Snacks – A Love Hate Relationship Korean Style


Snacks a love hate relationship the Korean style. The name “Korea” comes from Goryeo, which was the name given to the dynasty established by General Wang Geon in AD 918. Goryeo means “high and clear”. Korea is a historic country in East Asia, since 1945 divided into two distinct sovereign states: North Korea (officially the “Democratic People’s Republic of Korea”) and South Korea (officially the “Republic of Korea”). South Korea is not only a historic country with cities like Seoul, Busan, Jeju, Gyeongju and Daejeon. Celebrated as a country with robots, fastest internet connection, Gangnam Style song, soccer, electrical machinery. South Korea is also known for its biggest church, cars, cell phones and cuisine. Please comment below to let us know what you think.

Yakgwa is a very traditional Korean cake made mainly from honey, sesame oil, and wheat flour. These taste a bit like donuts, so obviously they’re delicious.

What it tastes like: Glazed donuts.

Are you a fan of Cheetos? Yeah, we thought so. Azuki Bean rice ball snacks are a quintessentially Korean alternative to Cheetos puffs – light, fluffy, and full of crunch, these snacks are full of flavor and are hard to stop eating. Rather than the salty, cheesy flavor of Cheetos, however, these puffs are slightly sweet and have a unique flavor reminiscent of peanut butter. Give these a try you need a snack that will give you a satisfying crunch and a ton of flavor.

You would like these if you like: those peanut butter crunch cookies by Keebler you ate as a kid.

Butter Caramel Pringles… Say whaaat? Inspired by the famous Honey Butter chips that took Korea by storm, these Pringles are a mix of addictive saltiness and delightful sweetness. Exclusively available in South Korea, this can of buttery and crispy goodness is ideal for sharing with your besties, and the pretty pink packaging is definitely a bonus!

I’m happy to introduce my delicious sweet manju pastry recipe to you today.

I researched the origin of this pastry on the internet, some bloggers and Wikipedia say the idea of this pastry originated a long ways back in China, as Chinese dumplings are made with fillings and dough skin. When these dumplings were introduced to Japan, the Japanese modified the dumplings and made them into pastries by adding fillings made with sweet beans. They called this manju.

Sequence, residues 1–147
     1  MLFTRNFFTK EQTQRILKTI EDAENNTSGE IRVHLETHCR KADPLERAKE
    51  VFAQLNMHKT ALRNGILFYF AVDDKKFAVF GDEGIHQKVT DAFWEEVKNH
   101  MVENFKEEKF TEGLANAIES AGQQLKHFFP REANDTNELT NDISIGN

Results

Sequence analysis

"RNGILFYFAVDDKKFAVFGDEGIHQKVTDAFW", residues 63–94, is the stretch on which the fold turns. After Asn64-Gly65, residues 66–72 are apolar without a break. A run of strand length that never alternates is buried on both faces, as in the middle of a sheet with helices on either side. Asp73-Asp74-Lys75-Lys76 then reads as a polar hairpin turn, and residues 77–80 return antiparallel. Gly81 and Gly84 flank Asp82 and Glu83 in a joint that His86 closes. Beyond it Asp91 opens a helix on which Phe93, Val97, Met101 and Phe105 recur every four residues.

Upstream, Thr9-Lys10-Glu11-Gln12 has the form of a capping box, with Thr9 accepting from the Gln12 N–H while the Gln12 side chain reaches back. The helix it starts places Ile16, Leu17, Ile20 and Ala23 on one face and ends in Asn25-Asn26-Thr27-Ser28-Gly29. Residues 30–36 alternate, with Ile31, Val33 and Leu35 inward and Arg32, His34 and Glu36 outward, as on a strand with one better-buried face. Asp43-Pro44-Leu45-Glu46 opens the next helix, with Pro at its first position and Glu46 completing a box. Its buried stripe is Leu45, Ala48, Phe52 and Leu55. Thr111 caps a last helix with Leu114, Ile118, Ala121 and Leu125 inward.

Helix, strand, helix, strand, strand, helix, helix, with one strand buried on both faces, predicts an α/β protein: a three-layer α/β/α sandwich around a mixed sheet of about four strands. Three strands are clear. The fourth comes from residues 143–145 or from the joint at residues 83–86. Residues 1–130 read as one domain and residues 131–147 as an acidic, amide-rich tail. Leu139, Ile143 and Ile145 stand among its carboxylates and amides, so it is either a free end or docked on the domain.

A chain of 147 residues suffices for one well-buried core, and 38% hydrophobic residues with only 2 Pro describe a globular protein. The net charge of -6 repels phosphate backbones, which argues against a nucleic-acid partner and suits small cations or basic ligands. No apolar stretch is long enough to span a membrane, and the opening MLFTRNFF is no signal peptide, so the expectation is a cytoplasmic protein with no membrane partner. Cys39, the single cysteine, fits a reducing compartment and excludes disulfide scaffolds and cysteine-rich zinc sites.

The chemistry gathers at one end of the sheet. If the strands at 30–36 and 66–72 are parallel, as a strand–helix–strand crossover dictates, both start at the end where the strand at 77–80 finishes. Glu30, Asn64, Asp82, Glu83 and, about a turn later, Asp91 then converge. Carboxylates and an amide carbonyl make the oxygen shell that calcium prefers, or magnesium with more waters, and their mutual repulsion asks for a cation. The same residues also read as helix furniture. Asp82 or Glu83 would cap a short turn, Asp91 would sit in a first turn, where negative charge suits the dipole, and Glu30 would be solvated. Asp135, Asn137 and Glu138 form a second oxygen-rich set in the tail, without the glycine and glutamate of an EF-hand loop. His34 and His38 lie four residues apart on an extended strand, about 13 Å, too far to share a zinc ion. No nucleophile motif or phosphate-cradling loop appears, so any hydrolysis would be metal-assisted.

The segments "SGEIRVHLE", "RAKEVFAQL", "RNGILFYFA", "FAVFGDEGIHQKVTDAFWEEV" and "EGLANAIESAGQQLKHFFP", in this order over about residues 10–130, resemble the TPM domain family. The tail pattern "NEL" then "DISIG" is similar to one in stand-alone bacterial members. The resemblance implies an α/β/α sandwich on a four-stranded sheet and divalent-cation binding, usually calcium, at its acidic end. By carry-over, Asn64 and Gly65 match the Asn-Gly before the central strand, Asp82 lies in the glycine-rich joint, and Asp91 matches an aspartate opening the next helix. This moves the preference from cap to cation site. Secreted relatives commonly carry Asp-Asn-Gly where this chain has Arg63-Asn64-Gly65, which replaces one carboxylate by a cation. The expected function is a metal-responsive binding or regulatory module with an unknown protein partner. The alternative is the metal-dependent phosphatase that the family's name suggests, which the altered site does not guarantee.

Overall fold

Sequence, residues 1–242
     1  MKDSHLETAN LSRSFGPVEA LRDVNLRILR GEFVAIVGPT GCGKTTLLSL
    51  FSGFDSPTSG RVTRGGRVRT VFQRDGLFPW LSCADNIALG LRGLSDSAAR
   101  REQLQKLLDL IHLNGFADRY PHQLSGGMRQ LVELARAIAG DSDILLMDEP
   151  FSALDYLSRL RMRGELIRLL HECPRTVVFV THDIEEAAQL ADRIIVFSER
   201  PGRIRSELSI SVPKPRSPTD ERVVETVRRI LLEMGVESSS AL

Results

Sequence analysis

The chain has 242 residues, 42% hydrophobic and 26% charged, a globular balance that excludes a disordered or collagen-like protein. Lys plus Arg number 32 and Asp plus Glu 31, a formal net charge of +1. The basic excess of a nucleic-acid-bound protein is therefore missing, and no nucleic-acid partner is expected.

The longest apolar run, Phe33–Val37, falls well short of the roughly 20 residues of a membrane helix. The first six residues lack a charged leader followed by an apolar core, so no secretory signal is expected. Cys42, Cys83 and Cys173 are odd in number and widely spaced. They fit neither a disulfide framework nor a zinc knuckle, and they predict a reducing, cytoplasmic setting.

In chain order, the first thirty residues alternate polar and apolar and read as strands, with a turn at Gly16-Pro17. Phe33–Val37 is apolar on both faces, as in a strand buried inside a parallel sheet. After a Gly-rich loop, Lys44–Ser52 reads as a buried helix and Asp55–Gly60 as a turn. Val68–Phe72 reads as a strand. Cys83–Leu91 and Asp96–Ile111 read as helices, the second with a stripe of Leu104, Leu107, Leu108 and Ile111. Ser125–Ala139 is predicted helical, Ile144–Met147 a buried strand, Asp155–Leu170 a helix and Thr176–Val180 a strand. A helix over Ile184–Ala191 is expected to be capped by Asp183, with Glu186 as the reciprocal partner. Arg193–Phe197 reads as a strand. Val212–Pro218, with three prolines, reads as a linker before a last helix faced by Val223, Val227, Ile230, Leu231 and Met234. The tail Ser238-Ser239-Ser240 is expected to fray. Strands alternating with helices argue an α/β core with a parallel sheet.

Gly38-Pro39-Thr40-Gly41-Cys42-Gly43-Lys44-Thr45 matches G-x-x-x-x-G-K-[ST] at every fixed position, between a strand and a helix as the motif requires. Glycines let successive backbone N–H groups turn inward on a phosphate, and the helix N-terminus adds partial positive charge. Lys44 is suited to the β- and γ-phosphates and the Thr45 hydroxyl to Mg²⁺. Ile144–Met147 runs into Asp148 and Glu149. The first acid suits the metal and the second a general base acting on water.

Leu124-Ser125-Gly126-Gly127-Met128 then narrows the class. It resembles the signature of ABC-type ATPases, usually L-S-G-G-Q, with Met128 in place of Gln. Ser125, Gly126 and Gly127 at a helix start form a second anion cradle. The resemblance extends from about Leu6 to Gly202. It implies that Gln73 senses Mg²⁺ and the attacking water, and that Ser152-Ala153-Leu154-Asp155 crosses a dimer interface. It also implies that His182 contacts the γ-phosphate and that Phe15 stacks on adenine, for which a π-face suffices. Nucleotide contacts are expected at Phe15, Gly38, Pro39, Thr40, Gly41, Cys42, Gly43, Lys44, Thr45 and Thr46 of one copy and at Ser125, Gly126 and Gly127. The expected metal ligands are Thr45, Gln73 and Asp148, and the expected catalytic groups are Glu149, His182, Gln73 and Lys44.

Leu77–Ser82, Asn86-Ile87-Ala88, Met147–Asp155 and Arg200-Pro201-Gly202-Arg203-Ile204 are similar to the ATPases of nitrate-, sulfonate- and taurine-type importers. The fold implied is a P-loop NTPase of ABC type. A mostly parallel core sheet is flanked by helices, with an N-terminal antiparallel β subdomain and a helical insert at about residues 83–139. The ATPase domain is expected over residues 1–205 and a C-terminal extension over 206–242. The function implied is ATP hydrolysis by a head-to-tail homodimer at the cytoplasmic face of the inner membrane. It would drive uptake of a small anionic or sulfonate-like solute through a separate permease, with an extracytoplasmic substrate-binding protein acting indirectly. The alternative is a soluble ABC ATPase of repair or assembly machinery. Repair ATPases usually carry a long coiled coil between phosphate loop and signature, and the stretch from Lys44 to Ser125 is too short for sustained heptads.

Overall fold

Eventually manju came to Korea, which is where I learned it. I’m not sure if the taste of my manju is different from the original Japanese manju because I’ve never tasted Japanese manju.

Mi favorito! Some people are weirded out by squid flavored chips but it’s pretty normal in Asia, methinks. I like these better than the next junk food I will mention, simply because this is irresistibly yummy. It smells like squid, so take that how you will! But I won’t be surprised if you find yourself eating one piece after another without a thought of stopping. Go ahead and bite into that crisp, slightly sweet but mostly squid-y shell, until you crunch into the nuts. Just don’t kiss anyone after eating these.

Dubbing itself a “new feeling of soda beverage,” Milkis combines traditional soda elements with a milk flavor. Creamy, sweet and bubbly carbonated drink is the result; it has an additional richness from the milk that is both perplexing and strangely delicious. Sold in several different flavors, the most popular ones being regular milk, strawberry and banana.

“We used to get snack packages, including some of these on Kim Il Sung’s birthday and Kim Jong Il’s birthday,” said a female defector who left Hyeryong in 2011 and who is now attending Sogang University.

She added that the Rakwasaeng Satang, a sweet sugar-coated peanut candy was always in the “birthday packages” from the two leaders, and added that the material used for the candy had certainly gotten better from the time when she used to eat them in North Korea.

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